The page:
Having the two women she worked with most closely, thank her for encouraging them to speak out and challenge the status quo was a special moment for Alison Tu'i'onetoa
Alison started her assignment at the Ministry of Education in Vanuatu in February 2019 to improve how the inclusive education (IE) service is delivered within the Ministry and in schools.
“Despite being nine years into a ten year plan, there was still a lot of implementation work needed and the five women with IE qualifications in the country struggled to know where to start. Together we have been able to begin realistic progress at grassroots level and I have been heartened with the momentum of support from principals and teachers,” said Alison.
Alison’s work is varied – she visits schools to support teachers, visits families who need encouragement and support to allow their children to go to school, and researches and shares information about disabilities and strategies that teachers and families may find useful.
“I attend workshops where wider discussions about IE take place and about how new concepts such as social inclusion, gender and child protection actually come under the wider umbrella of inclusion and social citizenship – creating an educational environment where everyone is appreciated.
“I travel to communities of schools to help deliver an identification package to support a baseline disability data survey that is rolling out before the end of 2019. This includes differentiating disabilities and strategies which can help in the classroom.”
One particular highlight for Alison so far was the amazing response to a meeting for any teacher around Port Vila who wanted to learn more about the teaching of children with disabilities.
“Even with only 48 hours of notice, more than 40 teachers from 15 of Port Vila’s schools came to the meeting!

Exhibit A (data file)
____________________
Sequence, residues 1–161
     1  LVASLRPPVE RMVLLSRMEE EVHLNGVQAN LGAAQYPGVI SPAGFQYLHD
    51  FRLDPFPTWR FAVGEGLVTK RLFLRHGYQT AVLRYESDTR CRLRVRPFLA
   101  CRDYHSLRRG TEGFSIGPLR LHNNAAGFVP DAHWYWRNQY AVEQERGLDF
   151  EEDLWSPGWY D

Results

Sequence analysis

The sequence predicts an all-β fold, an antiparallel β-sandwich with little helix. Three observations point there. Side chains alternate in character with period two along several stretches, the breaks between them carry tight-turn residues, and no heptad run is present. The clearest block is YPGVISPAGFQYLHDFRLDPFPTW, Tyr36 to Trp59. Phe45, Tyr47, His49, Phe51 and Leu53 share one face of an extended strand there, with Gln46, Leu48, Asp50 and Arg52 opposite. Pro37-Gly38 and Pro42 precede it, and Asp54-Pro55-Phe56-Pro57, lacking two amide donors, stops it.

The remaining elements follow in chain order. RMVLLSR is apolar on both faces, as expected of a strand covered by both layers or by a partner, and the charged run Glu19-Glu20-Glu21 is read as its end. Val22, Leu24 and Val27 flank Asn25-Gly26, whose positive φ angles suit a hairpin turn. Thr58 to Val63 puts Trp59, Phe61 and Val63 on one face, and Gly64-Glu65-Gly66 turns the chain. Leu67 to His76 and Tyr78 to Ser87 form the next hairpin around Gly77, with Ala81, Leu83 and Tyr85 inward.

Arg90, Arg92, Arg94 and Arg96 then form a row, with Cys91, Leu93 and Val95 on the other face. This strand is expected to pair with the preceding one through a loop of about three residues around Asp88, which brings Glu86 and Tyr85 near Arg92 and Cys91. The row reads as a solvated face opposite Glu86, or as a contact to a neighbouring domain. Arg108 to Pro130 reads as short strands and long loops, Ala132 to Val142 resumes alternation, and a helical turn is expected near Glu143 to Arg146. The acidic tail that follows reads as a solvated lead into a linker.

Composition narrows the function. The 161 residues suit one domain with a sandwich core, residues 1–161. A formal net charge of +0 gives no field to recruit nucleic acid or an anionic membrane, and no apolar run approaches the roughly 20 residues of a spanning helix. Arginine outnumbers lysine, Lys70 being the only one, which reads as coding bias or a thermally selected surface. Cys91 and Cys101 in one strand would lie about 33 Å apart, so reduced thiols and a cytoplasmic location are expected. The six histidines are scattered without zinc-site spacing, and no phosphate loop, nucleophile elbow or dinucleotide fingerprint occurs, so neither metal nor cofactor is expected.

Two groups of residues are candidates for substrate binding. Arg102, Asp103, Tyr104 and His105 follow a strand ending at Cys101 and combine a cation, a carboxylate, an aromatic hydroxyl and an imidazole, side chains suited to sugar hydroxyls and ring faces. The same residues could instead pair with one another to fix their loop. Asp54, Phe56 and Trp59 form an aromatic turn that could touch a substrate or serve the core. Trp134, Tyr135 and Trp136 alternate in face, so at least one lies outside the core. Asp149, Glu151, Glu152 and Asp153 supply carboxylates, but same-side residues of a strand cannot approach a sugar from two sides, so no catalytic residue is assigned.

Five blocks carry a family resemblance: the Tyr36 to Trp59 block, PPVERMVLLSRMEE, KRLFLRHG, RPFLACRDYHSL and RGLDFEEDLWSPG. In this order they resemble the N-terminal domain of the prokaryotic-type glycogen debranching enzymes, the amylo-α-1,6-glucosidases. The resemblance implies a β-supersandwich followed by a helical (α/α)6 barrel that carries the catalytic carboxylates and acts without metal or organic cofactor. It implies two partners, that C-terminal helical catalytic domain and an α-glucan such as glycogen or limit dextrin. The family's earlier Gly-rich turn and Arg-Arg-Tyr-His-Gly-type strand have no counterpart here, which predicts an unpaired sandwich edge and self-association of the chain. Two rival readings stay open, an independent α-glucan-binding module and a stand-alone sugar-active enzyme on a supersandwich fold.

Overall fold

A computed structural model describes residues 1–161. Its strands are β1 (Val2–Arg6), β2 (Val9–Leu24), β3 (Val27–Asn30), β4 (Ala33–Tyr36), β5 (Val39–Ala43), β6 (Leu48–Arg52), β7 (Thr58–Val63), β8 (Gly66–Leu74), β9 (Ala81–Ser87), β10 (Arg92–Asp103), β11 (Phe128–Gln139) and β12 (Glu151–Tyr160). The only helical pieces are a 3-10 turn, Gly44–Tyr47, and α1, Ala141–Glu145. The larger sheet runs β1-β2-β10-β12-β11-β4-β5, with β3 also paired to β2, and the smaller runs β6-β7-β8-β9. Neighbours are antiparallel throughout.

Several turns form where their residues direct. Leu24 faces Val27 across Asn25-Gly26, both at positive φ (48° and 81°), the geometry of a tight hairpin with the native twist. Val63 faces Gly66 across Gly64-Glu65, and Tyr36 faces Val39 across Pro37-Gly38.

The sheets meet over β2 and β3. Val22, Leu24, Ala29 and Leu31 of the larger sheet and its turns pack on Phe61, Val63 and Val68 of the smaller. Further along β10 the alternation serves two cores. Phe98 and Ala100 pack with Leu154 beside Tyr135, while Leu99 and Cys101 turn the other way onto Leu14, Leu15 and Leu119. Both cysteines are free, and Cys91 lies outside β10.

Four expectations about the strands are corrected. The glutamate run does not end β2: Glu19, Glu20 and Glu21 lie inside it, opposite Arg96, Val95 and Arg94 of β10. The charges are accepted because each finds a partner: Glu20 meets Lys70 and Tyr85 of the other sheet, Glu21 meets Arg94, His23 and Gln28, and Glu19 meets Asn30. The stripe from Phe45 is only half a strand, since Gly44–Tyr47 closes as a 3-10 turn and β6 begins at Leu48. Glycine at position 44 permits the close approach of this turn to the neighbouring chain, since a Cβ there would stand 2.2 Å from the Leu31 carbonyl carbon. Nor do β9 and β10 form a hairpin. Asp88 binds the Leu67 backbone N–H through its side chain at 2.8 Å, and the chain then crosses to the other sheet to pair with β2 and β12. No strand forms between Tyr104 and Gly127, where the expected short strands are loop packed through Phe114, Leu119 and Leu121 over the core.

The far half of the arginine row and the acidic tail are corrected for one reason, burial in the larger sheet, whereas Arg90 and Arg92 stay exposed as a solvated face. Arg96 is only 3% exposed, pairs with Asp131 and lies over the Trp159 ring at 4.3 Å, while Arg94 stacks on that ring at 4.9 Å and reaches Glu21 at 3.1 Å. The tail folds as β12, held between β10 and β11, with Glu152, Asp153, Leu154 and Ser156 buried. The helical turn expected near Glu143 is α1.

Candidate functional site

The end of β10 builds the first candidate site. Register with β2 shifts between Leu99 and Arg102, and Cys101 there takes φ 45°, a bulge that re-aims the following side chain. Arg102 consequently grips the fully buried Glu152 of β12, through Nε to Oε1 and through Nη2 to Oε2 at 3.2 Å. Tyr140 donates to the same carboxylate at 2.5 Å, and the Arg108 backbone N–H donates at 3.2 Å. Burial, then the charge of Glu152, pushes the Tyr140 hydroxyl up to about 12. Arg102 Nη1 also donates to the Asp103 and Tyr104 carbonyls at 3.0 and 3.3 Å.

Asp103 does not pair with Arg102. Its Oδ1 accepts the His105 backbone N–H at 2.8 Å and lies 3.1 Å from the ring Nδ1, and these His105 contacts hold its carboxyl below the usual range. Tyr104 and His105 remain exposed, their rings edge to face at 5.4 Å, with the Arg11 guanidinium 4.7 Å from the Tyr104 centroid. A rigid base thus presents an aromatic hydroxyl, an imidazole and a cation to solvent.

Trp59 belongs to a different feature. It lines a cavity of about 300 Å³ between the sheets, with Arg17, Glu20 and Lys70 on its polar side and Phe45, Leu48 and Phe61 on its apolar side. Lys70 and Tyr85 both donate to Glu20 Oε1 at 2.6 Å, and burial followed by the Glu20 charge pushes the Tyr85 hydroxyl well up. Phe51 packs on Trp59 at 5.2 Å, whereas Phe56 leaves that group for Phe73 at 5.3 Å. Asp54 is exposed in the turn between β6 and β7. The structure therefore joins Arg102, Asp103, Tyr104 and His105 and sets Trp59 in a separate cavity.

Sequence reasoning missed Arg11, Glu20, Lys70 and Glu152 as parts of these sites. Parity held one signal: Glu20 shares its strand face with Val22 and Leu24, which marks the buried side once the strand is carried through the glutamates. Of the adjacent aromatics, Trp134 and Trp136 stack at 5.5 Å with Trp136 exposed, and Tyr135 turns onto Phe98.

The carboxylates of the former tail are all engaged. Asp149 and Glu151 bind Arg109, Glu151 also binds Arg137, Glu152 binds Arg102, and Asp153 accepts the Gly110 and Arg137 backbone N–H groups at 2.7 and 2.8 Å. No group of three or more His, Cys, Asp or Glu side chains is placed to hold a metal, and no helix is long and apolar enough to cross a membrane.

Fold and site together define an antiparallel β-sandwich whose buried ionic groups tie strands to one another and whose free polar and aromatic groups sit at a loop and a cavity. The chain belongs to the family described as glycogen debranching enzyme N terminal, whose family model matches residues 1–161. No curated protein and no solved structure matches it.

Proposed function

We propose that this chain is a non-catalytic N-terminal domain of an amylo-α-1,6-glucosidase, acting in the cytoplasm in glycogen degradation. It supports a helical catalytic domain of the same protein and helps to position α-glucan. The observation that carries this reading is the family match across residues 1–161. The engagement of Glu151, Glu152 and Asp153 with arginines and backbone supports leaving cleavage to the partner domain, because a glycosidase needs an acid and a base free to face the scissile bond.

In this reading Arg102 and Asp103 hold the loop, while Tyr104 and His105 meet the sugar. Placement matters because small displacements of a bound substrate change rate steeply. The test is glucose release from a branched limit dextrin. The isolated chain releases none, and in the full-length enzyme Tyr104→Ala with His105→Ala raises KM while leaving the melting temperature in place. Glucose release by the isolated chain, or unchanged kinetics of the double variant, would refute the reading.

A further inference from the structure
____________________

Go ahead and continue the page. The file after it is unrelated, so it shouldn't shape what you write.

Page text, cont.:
That meeting has now become a monthly event (called the Inclusive Education Teachers Support Network) and we have created a Facebook groupe, open to any teacher who wants to join, where we can share information about different disabilities and strategies they can try.”
Alison’s work is about raising awareness of being inclusive but at the same time being realistic by considering the individual needs of every child that comes to school, especially those with disabilities.
“I see groups of teachers who are excited to learn and I can see them visibly changing their hearts and minds about the need to provide for the educational needs of every individual student.
“It’s fantastic to see that a number of children, who had dropped out of school or never attended, are now going to school. The families believe in their children’s right to be part of the school community and slowly we will help the teachers to deliver a quality education at whatever level the child needs and can cope with.
Finally, Alison has been able to take one teacher who has been passionately involved in inclusive education to New Zealand for a two-week observation experience in a special school, while staying with Alison’s family.
“She has been able to observe and learn so much from that one small experience and the changes in classroom, timetable and teaching strategies are testimony to how much it has influenced her.”